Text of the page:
God’s Word for You
1 Corinthians 10:21 The cup of demons
by Pastor Timothy Smith on Monday, March 20, 2023
21 You cannot drink the cup of the Lord and the cup of demons. You cannot partake of the table of the Lord and the table of demons.
“Cup” and “table” in this verse mean the meal itself. We who receive it are fed with the Lord’s body and blood along with the bread and the wine, for our forgiveness. We can say, and we should say, that we therefore receive five things in the sacrament:
- The bread (Matthew 26:26)
- With it, the body of Christ (Matthew 26:26)
- The wine (Matthew 26:27)
- With it, the blood of Christ (Matthew 26:28)
- With these things, the forgiveness of our sins (Matthew 26:28)
In order to receive these things, we are invited as guests to the Lord’s table. But we must remember that it is his table. He, God himself, is the host of this meal. In verse 16, Paul asked: “The cup of blessing that we bless: is it not a joint partaking of the blood of Christ? The bread that we break: Is it not a joint partaking of the body of Christ?” Now, how can anyone who partakes in the very body and blood of Christ at the altar of God partake in the cup of demons? The answer is clearly that this is impossible. But what is meant by “the cup of demons” and “the table of demons”?
1, Is the cup of demons the cup which demons give and pass to the living human beings that they tempt and torment? (That is, is it a punishment to them from demons?)
2, Is the cup of demons a special or particular cup used in ceremonies dedicated to demons, or to the devil himself? (That is, is it an offering to demons?)
3, Is the table of demons a certain rite held behind closed doors by worshipers of the devil and his demons? (That is, is it a mockery of what Christians receive from God?)
Paul doesn’t really mean any of these things in particular. He is simply drawing a comparison between the worship of idols (which he has already associated with demons) and the worship of the true God. One cannot do one and then do the other while retaining one’s faith in Christ. In fact, no one could truly do the reverse: a worshiper of demons could not in turn come to the Lord’s table and knowingly receive the Lord’s body and blood in faith, seeking forgiveness, without a complete change of heart and a genuine desire to repent and change their life and actions.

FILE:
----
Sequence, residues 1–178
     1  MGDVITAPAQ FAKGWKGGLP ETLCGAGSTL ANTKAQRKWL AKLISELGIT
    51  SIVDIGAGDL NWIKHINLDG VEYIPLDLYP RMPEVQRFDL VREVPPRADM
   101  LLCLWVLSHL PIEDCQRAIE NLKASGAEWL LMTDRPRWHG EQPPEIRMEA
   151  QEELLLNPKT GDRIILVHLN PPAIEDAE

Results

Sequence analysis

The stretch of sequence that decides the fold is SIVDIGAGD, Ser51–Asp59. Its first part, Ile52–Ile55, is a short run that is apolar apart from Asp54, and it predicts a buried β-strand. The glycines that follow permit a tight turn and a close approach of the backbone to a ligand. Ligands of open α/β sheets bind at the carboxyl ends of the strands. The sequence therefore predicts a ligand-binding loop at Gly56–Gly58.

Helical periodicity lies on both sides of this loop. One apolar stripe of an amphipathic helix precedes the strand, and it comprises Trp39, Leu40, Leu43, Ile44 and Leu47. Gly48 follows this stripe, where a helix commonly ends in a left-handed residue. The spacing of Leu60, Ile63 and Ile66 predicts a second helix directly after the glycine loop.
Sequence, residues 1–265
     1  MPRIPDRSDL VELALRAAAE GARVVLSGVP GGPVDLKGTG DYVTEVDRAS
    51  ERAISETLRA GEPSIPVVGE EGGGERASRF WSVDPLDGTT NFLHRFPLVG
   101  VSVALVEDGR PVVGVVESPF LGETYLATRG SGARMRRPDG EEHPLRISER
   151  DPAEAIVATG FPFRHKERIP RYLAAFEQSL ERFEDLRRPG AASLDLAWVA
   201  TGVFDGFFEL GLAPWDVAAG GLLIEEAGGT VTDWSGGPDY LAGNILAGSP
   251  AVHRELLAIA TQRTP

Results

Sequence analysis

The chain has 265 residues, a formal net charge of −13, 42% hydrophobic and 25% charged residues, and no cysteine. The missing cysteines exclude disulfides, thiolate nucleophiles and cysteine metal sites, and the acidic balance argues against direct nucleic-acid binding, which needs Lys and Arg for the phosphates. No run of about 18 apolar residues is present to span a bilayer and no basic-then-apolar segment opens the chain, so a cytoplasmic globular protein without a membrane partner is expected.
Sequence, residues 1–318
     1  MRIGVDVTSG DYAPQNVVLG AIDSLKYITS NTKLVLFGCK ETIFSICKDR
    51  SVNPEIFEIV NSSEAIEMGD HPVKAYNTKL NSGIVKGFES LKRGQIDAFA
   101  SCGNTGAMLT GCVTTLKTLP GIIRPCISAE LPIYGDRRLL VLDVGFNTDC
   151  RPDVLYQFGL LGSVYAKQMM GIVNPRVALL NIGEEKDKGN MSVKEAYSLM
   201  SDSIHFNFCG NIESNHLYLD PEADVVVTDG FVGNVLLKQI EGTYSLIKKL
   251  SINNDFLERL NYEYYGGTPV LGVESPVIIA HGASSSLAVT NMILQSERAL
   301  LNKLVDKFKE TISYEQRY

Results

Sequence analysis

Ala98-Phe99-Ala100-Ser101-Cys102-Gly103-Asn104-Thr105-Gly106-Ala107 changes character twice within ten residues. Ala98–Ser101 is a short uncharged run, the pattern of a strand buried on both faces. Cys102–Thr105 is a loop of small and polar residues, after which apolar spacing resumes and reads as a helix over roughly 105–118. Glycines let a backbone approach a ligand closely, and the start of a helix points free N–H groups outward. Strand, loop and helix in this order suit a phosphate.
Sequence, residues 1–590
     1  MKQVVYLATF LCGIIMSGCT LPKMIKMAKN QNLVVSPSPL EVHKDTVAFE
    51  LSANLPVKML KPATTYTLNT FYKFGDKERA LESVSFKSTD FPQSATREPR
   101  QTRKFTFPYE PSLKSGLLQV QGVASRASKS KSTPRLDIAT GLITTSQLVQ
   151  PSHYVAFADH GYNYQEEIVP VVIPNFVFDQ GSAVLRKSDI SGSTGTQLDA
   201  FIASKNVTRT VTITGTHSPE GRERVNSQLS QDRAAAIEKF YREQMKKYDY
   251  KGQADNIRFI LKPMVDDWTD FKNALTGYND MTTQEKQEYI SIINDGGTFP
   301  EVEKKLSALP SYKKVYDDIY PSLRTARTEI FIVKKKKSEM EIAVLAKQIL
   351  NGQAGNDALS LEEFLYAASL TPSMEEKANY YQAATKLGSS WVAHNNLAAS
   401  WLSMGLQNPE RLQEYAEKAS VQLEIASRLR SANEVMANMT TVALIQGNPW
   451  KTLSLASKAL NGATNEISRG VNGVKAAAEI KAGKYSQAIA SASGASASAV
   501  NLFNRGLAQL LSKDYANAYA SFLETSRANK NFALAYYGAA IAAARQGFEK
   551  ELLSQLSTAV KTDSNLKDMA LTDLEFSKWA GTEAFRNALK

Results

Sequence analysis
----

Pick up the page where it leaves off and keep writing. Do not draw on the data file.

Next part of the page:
Before we turn from this verse to the next, we remember that some have taken this verse to argue that, since an offering to an idol would be a sacrifice, then the Lord’s Supper could be called a sacrifice (as the modern Roman Catholic church calls it, although the ancient church did not). But Paul isn’t saying this, as we observed above. He is only saying that the Lord’s table joins in fellowship with Christ, and the demon’s table, whatever that might be, would join in fellowship with demons. From a demon one would receive nothing but separation from God, a mockery of all God’s blessings, removal from the forgiveness of sins, a restoration of all the recipient’s sins on his own head, and finally eternal damnation.
The Lord offers himself and forgiveness from his own atoning sacrifice. This seems like a choice between heaven and hell, but the context is not of an outsider (for no outsider can partake of the table of the Lord) but of a Christian. Therefore Paul proves that there is no decision for a Christian to make about his own salvation. Either Christ saved him by dying on the cross, or else he rejects Christ and dies in his own sins. We are not saved by our choices, but by Christ. And we receive his gift through the sacraments by the grace of God, for our eternal good.
The refrain remains dear to us all by itself:
Lord, may your body and your blood
Be for my soul the highest good!
Pastor Timothy Smith